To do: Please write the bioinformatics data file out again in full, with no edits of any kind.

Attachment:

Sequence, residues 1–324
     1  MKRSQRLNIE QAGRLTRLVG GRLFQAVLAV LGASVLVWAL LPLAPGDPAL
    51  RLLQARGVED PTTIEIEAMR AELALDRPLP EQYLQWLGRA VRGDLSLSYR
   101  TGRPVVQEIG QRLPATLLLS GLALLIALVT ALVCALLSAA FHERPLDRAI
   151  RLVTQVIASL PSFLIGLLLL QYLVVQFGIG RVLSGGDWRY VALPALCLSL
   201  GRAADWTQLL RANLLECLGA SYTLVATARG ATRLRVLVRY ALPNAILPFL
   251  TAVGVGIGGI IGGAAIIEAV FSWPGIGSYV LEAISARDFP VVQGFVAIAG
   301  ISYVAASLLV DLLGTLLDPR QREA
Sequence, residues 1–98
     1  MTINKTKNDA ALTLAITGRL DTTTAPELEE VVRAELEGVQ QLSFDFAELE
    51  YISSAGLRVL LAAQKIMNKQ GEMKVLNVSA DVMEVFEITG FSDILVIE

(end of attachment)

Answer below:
Sequence, residues 1–324
     1  MKRSQRLNIE QAGRLTRLVG GRLFQAVLAV LGASVLVWAL LPLAPGDPAL
    51  RLLQARGVED PTTIEIEAMR AELALDRPLP EQYLQWLGRA VRGDLSLSYR
   101  TGRPVVQEIG QRLPATLLLS GLALLIALVT ALVCALLSAA FHERPLDRAI
   151  RLVTQVIASL PSFLIGLLLL QYLVVQFGIG RVLSGGDWRY VALPALCLSL
   201  GRAADWTQLL RANLLECLGA SYTLVATARG ATRLRVLVRY ALPNAILPFL
   251  TAVGVGIGGI IGGAAIIEAV FSWPGIGSYV LEAISARDFP VVQGFVAIAG
   301  ISYVAASLLV DLLGTLLDPR QREA
Sequence, residues 1–98
     1  MTINKTKNDA ALTLAITGRL DTTTAPELEE VVRAELEGVQ QLSFDFAELE
    51  YISSAGLRVL LAAQKIMNKQ GEMKVLNVSA DVMEVFEITG FSDILVIE